Thomas Houseago

The work of British-born artist Thomas Houseago is studio-based, and the core of his sculptures and drawings often reveal their structure to deepen their emotional vulnerability. Houseago lived in the Netherlands and Belgium before moving to Los Angeles in 2003 and was heavily influenced by Hellenistic statuary, science fiction, and early Modernist sculpture. His oversized pieces are often figurative, be it a full human body or an owl, a chair or a spoon. Houseago has used bronze, aluminum, wood, plaster, and charcoal to sculpt awkward proportions and contorted forms that are overwhelmingly physical with underlying transparency—iron skeletons allow his viewers to witness the “nuanced legibility of the human form.” His work connects looking and observing, allowing for the unification of sight, touch and memory.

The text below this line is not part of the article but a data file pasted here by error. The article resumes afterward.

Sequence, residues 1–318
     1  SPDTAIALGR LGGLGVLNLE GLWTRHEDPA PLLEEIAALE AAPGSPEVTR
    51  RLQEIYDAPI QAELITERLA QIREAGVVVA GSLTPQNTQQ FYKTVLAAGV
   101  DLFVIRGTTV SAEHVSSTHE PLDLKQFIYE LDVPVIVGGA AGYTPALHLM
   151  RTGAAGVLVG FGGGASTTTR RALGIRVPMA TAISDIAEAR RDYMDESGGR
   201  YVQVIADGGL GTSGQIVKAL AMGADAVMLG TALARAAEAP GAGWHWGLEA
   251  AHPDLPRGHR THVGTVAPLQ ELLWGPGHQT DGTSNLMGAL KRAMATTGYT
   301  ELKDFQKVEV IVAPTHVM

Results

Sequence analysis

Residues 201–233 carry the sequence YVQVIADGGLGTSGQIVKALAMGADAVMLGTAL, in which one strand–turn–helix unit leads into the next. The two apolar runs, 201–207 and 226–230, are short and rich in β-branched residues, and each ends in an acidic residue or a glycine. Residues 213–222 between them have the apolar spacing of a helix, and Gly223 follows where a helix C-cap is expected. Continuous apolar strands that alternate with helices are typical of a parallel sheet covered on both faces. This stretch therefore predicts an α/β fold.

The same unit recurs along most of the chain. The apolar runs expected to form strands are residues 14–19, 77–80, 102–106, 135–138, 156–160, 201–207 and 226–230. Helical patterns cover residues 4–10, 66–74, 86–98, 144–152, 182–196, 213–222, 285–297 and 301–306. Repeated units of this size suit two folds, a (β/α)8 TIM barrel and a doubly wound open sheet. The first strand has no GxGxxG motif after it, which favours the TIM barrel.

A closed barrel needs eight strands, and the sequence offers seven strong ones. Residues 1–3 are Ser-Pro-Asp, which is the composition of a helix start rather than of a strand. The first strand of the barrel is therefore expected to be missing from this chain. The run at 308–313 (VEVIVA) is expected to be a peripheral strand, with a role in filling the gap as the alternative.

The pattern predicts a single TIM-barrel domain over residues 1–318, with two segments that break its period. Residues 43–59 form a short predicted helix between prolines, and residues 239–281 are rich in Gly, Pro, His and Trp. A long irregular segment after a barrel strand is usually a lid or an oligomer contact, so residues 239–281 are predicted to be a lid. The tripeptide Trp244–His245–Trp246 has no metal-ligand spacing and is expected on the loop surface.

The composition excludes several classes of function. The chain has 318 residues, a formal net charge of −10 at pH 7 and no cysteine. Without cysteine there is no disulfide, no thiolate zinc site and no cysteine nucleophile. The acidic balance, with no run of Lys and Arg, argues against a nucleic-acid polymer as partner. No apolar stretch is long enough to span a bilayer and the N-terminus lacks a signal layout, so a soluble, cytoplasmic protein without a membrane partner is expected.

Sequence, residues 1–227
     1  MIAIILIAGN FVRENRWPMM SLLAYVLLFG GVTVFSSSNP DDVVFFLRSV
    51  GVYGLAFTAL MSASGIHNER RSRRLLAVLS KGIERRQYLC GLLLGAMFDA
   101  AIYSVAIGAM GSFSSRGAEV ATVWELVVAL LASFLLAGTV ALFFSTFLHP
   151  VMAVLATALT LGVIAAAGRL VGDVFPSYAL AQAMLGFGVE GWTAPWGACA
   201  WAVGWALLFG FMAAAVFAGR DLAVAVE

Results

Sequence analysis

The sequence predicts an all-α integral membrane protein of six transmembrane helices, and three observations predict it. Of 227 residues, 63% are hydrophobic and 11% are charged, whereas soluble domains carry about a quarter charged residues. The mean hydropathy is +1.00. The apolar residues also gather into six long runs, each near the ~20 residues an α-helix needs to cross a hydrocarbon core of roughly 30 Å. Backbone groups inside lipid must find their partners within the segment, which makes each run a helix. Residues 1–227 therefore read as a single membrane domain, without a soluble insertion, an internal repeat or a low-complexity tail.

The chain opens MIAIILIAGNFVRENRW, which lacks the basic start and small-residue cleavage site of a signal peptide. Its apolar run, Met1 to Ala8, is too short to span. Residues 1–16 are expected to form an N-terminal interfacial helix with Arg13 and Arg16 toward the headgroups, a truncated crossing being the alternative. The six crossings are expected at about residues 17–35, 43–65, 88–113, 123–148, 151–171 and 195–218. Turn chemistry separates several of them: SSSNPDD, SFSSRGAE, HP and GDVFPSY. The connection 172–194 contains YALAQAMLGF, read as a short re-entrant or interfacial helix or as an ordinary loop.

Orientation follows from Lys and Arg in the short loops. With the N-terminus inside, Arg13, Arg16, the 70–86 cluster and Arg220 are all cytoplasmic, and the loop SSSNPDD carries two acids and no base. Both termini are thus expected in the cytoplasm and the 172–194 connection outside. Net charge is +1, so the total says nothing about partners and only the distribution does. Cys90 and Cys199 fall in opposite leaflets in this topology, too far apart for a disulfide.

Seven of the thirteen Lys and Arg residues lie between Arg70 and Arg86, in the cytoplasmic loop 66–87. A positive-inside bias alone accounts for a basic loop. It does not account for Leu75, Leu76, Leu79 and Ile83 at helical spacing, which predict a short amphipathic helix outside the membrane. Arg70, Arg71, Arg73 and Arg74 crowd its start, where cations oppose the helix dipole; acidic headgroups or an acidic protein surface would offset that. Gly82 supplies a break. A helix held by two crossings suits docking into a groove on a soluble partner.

Houseago has shown at institutions including Storm King Art Center, Moutainville, New York, The High Line, New York, Rennie Collection, Vancouver, Ballroom Marfa, Texas, S.M.A.K, Ghent, Stedelijk Museum Bureau, Amsterdam, Museum of Contemporary Art, Los Angeles, Museum of Contemporary Arts, Chicago, CAB Art Center, Brussels, Centre for Contemporary Art Ujazdowski Castle, Warsaw, Nasher Sculpture Center, Dallas, and The Saatchi Gallery, London, among many others. He participated in the 2010 Whitney Biennial.